In this paper the inspection of thin basalt fiber reinforced composite (BFRC) materials (shortly described in Section 2) is carried out using two electromagnetic NDT methods. The selected techniques allow assessing different aspects of the defects arising in specimen. First, the acquired data were processed and parameterized. The analysis of each method’s results allowed evaluating the usability of each applied testing technique for the inspection of basalt composite. Then, in order to enhance the proper evaluation of the material stage and combine information supplied by each method, a knowledge extraction based multivariate analysis of features vector was performed followed by multiresolution decomposition based data fusion. Finally, the performance of the data fusion was assessed and compared with the results obtained for each method separately.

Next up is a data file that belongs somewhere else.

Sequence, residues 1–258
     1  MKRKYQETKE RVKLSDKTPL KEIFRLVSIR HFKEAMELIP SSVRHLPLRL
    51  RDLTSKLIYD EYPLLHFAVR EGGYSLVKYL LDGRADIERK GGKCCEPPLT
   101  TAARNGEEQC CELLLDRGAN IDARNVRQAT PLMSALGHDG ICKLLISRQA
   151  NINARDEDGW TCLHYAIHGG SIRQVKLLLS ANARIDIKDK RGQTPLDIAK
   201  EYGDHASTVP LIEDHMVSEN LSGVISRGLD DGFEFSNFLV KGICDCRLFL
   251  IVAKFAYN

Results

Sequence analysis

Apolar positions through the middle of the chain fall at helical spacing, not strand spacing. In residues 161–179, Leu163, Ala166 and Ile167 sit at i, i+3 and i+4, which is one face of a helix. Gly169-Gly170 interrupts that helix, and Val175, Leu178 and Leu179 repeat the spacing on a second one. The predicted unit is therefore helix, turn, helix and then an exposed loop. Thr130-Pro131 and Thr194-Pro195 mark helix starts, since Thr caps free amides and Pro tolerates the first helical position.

2. Basalt Fiber Reinforced Composite

Basalt fiber is a perspective polymer-reinforcing material and can be applied in polymer matrix composites instead of glass fiber. Fabrics of varying surface densities are made depending upon the application type and are in the range from 160 g/m2 to 1100 g/m2 [6]. The comparison of selected properties of basalt and glass fibers is shown in Table 1. One can observe an advantage of basalt over glass fibers in case of mechanical and thermal properties.


PropertiesUnitBasaltE-GlassS-Glass

Densityg/cm32.72.572.48
Thermal linear expansion coefficientppm/°C8.05.42.9
Tensile strengthGPa4.843.454.71
Elastic modulusGPa897789
Elongation at break%3.154.75.6
Compression strengthMPa379230333033
Maximum application temperature°C982°650°650°
Sustained operating temperature°C820°480°480°
Minimum operating temperature°C−260°−60°−60°
Melting temperature°C1450°1120°1120°
Absorption of humidity (65% RAH)%<0.1<0.1<0.1